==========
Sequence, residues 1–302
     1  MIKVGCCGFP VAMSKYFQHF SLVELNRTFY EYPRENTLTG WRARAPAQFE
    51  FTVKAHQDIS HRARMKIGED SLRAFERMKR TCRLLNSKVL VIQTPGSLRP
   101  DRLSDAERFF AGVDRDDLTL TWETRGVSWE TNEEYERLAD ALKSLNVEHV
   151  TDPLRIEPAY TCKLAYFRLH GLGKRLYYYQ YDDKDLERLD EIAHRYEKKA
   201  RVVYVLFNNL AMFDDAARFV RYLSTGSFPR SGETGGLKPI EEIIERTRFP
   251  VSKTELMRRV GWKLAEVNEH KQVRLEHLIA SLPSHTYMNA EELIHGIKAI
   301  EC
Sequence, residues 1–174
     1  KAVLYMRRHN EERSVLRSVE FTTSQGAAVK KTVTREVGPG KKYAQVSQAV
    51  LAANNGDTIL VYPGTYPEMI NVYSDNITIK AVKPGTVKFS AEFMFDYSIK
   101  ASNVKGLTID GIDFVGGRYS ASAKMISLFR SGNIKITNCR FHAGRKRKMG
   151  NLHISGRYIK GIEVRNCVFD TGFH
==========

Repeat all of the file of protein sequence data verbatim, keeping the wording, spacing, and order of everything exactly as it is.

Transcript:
Sequence, residues 1–302
     1  MIKVGCCGFP VAMSKYFQHF SLVELNRTFY EYPRENTLTG WRARAPAQFE
    51  FTVKAHQDIS HRARMKIGED SLRAFERMKR TCRLLNSKVL VIQTPGSLRP
   101  DRLSDAERFF AGVDRDDLTL TWETRGVSWE TNEEYERLAD ALKSLNVEHV
   151  TDPLRIEPAY TCKLAYFRLH GLGKRLYYYQ YDDKDLERLD EIAHRYEKKA
   201  RVVYVLFNNL AMFDDAARFV RYLSTGSFPR SGETGGLKPI EEIIERTRFP
   251  VSKTELMRRV GWKLAEVNEH KQVRLEHLIA SLPSHTYMNA EELIHGIKAI
   301  EC
Sequence, residues 1–174
     1  KAVLYMRRHN EERSVLRSVE FTTSQGAAVK KTVTREVGPG KKYAQVSQAV
    51  LAANNGDTIL VYPGTYPEMI NVYSDNITIK AVKPGTVKFS AEFMFDYSIK
   101  ASNVKGLTID GIDFVGGRYS ASAKMISLFR SGNIKITNCR FHAGRKRKMG
   151  NLHISGRYIK GIEVRNCVFD TGFH